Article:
Thanks for your reassuring opinion. I couldn’t believe the battery had lasted that long, but, I had no memory or record of replacement by the dealership (I keep pretty good records, although my memory isn’t great), and if I had replaced it I would not have payed for a Honda battery, which was what was in there. (The original–if that’s what it was–claimed a 100 month warranty.) Some parts in hybrids seem to last longer than in normal cars. I’ve never had any work on my brakes (125,000 miles), probably because of the regenerative breaking. However, now I’m thinking maybe I shouldn’t trust the service department at the dealership . . . .


#4

I wouldn’t give up on the dealership. At least they didn’t try to sell you unnecessary parts, which is what they usually do. Not recommending a new battery is a very minor lapse, in my view. And you can count yourself lucky that you got 10+ years out of the battery. 5 years is more the norm.

Now you know to ask for a new battery in 2019. :wink:


#5

Fairly new technology, answers hard to come by.If I understand things, I’d say this electronic means of conveyance has all systems connected to a central computer.I’m assuming you bought this used as you don’t know of the original battery. Somebody got rid of this in a hurry. Anyhow, I would think the lithium pack mainly powers the electric motor, and most drain demanding electronics ie. air conditioning, lights and the such.The starter battery is for starting the gas engine but also must be charged so is linked to the grand scheme of things.Whatever is under the hood, non-essentials such as heat from gas engine(for rider comfort),cooling(for gas engine, it runs for five mins here n there),Power steering(electric),Power braking,transmission solenoids and the likes may actually work off of the starter batt.(though through relays actually in connection to the lithium batt.) Yes you’ve fixed it,no low battery conditions mean no problem.Japan has come up w/some radical batteries lately,hopefully you can benefit from this.Propose you test their new batteries in real-world situations, in their own products.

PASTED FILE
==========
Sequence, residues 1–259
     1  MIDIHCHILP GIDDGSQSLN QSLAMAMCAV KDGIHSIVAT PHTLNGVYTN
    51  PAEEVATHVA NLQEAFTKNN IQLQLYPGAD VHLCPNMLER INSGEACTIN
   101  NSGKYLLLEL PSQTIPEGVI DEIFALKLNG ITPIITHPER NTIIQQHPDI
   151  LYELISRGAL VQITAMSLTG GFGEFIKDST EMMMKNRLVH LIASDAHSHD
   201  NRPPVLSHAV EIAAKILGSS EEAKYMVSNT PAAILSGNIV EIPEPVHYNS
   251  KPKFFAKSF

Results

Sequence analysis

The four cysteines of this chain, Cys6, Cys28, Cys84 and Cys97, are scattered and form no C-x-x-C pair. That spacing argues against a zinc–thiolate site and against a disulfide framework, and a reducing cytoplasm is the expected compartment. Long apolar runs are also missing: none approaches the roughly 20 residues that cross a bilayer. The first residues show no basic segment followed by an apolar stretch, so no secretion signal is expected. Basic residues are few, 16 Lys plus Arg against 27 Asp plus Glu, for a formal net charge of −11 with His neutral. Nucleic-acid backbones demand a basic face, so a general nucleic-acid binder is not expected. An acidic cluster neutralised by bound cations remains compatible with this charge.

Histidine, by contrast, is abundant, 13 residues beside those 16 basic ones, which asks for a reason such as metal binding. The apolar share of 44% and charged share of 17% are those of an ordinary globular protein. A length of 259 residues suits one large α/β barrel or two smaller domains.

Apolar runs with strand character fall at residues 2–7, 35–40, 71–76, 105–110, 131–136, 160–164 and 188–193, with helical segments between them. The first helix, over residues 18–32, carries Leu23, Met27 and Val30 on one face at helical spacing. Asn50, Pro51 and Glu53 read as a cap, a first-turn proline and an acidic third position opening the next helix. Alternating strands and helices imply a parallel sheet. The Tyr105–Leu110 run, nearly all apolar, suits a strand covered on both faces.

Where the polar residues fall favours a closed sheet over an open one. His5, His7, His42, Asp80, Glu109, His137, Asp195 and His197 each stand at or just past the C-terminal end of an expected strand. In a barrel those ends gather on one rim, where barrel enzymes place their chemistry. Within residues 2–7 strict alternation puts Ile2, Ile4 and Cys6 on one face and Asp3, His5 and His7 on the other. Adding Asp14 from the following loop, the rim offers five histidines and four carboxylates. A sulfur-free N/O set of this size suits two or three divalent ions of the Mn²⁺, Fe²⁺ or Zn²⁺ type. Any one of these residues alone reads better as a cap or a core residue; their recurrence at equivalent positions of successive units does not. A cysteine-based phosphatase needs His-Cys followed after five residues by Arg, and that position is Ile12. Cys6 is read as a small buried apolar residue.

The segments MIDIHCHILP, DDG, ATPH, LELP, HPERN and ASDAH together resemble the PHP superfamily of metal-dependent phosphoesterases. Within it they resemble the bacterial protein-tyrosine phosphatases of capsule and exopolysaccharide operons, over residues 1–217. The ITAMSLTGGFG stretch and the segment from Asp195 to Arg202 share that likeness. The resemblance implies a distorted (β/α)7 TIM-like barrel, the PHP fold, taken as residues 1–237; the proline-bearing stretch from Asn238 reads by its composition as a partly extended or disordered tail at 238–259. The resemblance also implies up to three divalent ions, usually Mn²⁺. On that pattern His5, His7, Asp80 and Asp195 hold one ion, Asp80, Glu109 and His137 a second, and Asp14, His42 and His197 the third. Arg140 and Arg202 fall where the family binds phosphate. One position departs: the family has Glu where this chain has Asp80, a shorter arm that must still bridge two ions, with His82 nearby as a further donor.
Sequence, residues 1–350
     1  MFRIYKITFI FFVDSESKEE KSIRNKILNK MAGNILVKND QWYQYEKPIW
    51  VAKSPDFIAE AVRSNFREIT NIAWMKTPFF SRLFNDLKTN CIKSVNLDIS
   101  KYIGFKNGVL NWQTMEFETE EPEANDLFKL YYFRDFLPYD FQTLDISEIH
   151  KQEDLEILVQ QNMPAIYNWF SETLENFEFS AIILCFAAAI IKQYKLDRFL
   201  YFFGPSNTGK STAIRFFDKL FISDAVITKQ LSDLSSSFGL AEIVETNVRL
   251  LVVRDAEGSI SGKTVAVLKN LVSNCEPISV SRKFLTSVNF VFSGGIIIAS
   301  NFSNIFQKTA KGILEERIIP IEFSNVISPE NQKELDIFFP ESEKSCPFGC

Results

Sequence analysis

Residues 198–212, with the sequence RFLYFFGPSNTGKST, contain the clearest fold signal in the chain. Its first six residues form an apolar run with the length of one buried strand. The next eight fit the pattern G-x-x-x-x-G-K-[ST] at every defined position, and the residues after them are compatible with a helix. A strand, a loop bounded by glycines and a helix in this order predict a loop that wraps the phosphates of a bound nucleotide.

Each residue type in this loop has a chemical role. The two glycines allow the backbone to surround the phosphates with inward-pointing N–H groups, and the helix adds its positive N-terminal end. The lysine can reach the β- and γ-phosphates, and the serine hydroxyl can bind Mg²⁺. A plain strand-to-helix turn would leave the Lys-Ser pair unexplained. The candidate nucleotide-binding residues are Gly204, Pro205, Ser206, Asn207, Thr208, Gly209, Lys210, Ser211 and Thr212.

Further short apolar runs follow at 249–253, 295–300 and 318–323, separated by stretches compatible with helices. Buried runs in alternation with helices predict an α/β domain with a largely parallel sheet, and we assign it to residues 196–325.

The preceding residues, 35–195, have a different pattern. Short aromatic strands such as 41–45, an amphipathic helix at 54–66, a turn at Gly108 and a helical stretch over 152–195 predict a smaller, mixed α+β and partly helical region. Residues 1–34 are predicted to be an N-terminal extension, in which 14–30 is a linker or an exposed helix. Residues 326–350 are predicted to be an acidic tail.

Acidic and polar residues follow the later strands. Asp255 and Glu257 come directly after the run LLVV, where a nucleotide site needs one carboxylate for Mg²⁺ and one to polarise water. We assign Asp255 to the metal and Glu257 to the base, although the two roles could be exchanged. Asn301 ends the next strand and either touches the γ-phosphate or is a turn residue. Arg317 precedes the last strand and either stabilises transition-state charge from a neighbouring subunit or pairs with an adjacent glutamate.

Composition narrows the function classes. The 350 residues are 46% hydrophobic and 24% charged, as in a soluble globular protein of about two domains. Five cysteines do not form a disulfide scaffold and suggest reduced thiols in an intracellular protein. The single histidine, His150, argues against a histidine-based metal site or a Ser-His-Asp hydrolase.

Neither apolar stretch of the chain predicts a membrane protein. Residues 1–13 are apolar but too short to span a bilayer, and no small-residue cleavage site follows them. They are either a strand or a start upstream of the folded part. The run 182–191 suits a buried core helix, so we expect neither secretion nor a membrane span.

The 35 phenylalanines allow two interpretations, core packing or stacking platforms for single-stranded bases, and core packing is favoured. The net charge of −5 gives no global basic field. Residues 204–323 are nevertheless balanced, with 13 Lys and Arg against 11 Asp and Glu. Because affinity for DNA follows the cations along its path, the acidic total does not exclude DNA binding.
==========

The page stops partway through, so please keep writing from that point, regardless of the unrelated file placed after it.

#6

Update: the dealer now says the IMA battery is bad and needs to be replaced, and this is confirmed by the codes. I am considering buying a grid charger to recondition the existing battery (they run about $475) and to keep it conditioned. Apparently the replacement batteries are all reconditioned, not new, though this may involve replacing dead cells, which a grid charger cannot do. Does anyone have any knowledge of how effectively these work? The technology (as far as I understand it) seems reasonable. But then why not just include it for an extra $400 as an option on a new car?

My other option (or combined with a grid charger) is to have the dealership replace the IMA battery for $1,300. This is a good deal (about half the normal price: I put a lot of pressure on them since this is the second battery to fail).

So here’s the dilemma:

A) buy a grid charger and hope it reconditions the battery
B) do the $1,300 replacement (either with or with out an aftermarket grid charger)